Revision 1.6 – 2nd Feb 2016\documentation\API
                UPDD API – Getting Started


Code example




Mac OS X

Settings file

Using callbacks

PointerData structure

Calibration style structure





Having downloaded the files you may wish to write a simple application to see the UPDD API interface in action.

Code Example

The following code segment shows the skeleton of a simple C++ fragment that demonstrates:-

1.  initialising the API

2.  registering a callback routine to receive raw X/Y co-ordinates and notification of driver unload

3.  shutting down



#include "tbapi.h"                                                                            // main API header file
// The callback function
void TBAPI fnCallBack(unsigned long context, _PointerData* data)
            if(data->pd.type == _ReadDataTypeXY
                                 printf("Device %d Generated x=%d y=%dn",     // display the returned co-ordinates
                                          (int)data->pd.device,                               // device id
                                          (int)data->pd.xy->rawx,                           // raw x co-ordinate
                                          (int)data->pd.xy->rawy);                          // raw y co-ordinate
            else if(data->pd.type == _ReadDataTypeUnload)                    // driver is unloading!
             // begin exit process…

// At startup
TBApiInitEx(TBApiDefaultSettingsPath());                                         // initialise the API 
TBApiOpen();                                                                            // establish driver connection
           TBApiRegisterDataCallback(TBApiGetRelativeDevice(0),                          // first device on system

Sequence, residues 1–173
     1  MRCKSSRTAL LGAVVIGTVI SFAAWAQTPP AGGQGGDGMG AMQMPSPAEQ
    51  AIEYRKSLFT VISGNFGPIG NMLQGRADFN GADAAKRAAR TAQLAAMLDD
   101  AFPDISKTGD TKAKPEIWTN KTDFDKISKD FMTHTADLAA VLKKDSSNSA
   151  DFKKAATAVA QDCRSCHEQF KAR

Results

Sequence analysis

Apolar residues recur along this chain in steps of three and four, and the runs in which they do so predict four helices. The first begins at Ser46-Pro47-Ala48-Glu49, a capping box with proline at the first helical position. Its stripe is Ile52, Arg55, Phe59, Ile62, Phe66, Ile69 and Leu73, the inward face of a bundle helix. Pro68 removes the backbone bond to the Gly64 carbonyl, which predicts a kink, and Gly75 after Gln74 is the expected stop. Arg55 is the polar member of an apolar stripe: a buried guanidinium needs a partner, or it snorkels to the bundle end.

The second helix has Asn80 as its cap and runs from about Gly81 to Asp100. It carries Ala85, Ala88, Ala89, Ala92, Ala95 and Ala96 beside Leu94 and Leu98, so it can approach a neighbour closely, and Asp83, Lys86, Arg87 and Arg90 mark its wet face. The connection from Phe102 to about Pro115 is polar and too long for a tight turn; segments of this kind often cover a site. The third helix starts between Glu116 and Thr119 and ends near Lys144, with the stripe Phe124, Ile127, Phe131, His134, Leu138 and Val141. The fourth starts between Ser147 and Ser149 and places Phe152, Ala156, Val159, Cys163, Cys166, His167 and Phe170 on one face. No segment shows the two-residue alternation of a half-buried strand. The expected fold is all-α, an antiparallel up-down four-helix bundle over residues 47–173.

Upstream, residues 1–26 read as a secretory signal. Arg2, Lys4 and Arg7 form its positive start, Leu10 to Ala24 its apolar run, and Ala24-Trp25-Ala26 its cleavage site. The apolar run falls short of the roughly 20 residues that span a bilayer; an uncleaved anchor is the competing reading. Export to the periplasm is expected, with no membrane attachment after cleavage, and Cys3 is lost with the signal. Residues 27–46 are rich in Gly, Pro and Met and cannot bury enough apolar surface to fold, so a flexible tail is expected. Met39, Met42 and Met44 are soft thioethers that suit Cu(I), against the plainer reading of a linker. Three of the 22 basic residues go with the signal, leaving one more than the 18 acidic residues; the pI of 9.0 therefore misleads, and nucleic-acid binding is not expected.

0,                                                                                     // no context data
            _ReadDataTypeXY | _ReadDataTypeUnload,                                       // 'OR' type(s) of data to return
            fnCallBack);                                                                         // address of callback function above



// At exit…


          TBApiUnregisterDataCallback(fnCallBack);                           // unregister functions before exit

TBApiClose();                                                                   // close the driver connection

TBApiTerminate();                                                             // and conclude use of API



A .net c# user reported the following was required to run the API in C#

Import the functions from TBAPI.DLL using the DllImport command

[DllImport("C:\\Program Files\\UPDD\\TBAPI.dll")]

Then for each function, such as this example, (on a Windows system)

void TBAPI TBApiInit(const TBCHAR* aSettingsPath);

where TBAPI = _stdcall

and TBCHAR = char

Use mangled reference names DLL_TBApiInit - use a utility like dumpbin to identify the mangled entry names to avoid entry point errors such as ‘Unable to find an entry point named 'TBApiInit' in DLL 'C:\Program Files\UPDD\TBAPI.dll'.


Pre 4.1.10

With the exception of Windows CE, which is Unicode only, the UPDD API is MBCS based only. Including the tbapi.h file in a Unicode program causes the Unicode definitions (intended for Windows CE) to be activated.

This can be avoided as follows.

#undef _UNICODE

#include "TBApi.h"

#define _UNICODE

4.1.10 and above

The API uses MBCS in the public interface all environments except Windows CE, where Unicode must be used. An error in the previous implementation meant that tbapi.h could not be used directly in a Unicode based program. This is no longer the case and previous partial solutions (such as “undef’ing” _UNICODE) are no longer required.


Under CE you need to pass UNICODE, so for example, the TBApiInit call is coded as:







Mac OS X - Objective-C Cocoa application with Xcode 5 using UPDD 5.1.x

After advising a user on API usage within a Objective-C Cocoa application with Xcode 5 project we wrote up our finding as follows:

1. Install the UPDD driver.

2. Use the API files included with the driver as installed in /Library/Application Support/UPDD/api and copy them into your project directory.

3. Add libTBApi.a to your Xcode project.

4. Locate libACE.dylib in /usr/local/lib. It can be found in the Finder by selecting the “Go to folder” menu item in the Go menu, and typing in:


Add it to your Xcode project.

5. In Xcode, open your project’s settings, and in the “Build settings” section, locate the following settings and change them to the indicated values: